Be transported back to early modern York, and join thousands gathered to watch a hanging at Knavesmire gallows. You may encounter highwaymen such as William Nevison, Spence Broughton, or even Dick Turpin, riding to their execution, sitting on their coffin, wearing a shroud. Or women such as 19-year-old Mary Thompson, hanged for murder in 1841, later found to be wrongly accused. You may hear a ballad-hawker singing the stories of these criminals about to meet their doom, often in the voice of the accused themselves. Perhaps you’ll buy a copy for a penny, to sing later.
Execution ballads were set to popular melodies, such as ‘Fortune My Foe’, known as ‘the hanging tune’. Across Europe all news was conveyed by song, and York was part of the thriving trade in cheap printed literature. Execution ballads provide a window for us to encounter and re-imagine the past; sometimes graphically violent, often compassionate, even satirical, but always compelling.
This is a workshop exploring execution ballads from York, 1650-1850, many of which were printed in and around Coney Street. Songs are taught by ear, with participants invited to listen or join in.
Singer Vivien Ellis draws on her work as a performer of early and folk music, and a community music leader, to create enjoyable, social, relaxed, historically informed, and inclusive singing events with people of all ages and experiences.
Vivien has performed early, traditional, and new music with groups including The Dufay Collective, The Broadside Band, The Mellstock Band, Sinfonye, The Carnival Band, and the duo Alva. She has appeared in seasons with The Royal Shakespeare Company and Shakespeare’s Globe Theatre, and her voice has featured on radio, film, and TV. She has toured throughout the UK and Europe, North and South America, Canada, and Australia, appearing in major festivals and concert series. She has made numerous recordings as a soloist, including 'Cancionero', a program of early Spanish music with The Dufay Collective, which was nominated for a Grammy Award.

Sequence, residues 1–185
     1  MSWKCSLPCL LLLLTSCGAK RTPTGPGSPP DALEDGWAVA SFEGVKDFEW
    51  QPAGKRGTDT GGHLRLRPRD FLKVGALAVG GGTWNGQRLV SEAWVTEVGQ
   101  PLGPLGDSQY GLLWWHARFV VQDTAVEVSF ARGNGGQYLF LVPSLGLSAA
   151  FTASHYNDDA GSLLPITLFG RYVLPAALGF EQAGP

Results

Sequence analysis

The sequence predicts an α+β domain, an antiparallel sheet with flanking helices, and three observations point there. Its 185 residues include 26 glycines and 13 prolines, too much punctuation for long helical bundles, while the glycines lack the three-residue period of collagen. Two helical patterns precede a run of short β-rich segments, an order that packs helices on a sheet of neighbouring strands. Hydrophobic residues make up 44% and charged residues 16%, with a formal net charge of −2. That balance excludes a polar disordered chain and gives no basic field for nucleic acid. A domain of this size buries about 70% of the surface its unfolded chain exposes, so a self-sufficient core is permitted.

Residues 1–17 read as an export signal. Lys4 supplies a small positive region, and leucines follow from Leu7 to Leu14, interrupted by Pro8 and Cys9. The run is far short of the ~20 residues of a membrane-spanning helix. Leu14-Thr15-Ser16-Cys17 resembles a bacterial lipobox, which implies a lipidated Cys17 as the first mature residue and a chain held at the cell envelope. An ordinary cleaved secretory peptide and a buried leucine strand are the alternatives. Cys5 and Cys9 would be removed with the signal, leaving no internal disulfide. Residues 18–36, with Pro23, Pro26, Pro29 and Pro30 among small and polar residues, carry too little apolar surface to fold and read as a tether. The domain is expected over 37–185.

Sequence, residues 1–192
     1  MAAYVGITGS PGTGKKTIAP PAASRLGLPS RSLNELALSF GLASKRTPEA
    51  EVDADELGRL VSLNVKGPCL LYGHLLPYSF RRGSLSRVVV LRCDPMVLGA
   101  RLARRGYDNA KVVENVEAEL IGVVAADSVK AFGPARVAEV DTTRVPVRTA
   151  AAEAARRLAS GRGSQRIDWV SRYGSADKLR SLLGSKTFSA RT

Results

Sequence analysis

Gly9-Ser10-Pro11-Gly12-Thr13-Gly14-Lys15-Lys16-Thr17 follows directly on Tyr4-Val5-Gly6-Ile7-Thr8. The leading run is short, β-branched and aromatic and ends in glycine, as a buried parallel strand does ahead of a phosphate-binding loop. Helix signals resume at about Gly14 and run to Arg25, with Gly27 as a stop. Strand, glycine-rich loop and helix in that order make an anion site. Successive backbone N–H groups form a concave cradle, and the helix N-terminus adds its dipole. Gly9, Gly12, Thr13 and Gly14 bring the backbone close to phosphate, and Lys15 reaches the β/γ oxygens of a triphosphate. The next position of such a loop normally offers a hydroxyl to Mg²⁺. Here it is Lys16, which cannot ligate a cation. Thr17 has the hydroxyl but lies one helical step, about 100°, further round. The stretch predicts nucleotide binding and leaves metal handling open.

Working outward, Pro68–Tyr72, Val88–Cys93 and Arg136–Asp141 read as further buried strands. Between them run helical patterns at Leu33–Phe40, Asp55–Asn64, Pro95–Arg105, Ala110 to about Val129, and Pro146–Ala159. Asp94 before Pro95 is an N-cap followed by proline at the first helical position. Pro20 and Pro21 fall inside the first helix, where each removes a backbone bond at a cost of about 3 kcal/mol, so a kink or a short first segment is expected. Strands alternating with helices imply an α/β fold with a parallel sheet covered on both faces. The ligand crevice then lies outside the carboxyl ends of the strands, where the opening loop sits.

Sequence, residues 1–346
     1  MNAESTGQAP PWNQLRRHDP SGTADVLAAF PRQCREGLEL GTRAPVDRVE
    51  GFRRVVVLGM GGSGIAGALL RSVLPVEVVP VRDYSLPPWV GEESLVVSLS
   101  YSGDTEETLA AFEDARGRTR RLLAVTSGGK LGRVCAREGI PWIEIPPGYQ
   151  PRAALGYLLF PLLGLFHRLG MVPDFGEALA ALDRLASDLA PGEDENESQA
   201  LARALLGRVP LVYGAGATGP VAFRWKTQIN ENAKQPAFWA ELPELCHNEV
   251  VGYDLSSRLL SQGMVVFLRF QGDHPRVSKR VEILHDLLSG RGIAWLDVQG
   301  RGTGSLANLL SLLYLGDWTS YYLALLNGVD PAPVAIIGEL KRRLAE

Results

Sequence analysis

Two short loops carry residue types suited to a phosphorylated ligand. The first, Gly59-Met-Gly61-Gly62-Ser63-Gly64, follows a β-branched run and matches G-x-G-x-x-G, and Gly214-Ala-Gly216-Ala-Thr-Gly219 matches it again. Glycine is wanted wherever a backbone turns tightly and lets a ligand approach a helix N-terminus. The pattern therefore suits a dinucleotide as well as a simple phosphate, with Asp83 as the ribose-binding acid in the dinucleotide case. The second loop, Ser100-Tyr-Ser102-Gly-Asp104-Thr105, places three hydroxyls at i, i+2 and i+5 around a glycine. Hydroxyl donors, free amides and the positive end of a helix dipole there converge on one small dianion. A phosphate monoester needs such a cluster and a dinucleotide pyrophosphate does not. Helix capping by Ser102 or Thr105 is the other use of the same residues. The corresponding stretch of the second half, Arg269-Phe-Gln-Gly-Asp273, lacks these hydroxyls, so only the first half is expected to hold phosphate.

Vivien also works extensively as an educator and community music leader with a wide range of groups, alongside being a part-time care worker. Since 2014 she has worked with a user-led charity, The Mental Fight Club, based in the London Borough of Southwark, where she has led a free, drop-in singing group, The Dragon Café Singers, supporting health and wellbeing through singing and song-writing. Vivien has developed new models of community music engagement drawing on early & folk music, including 'ballad walks', and has created a new model of GP education in arts and health, on which she co-wrote a paper, ‘Creating Health’, for the journal of the Royal Society for Public Health.
This event is free to attend, but requires booking. 35 places are available.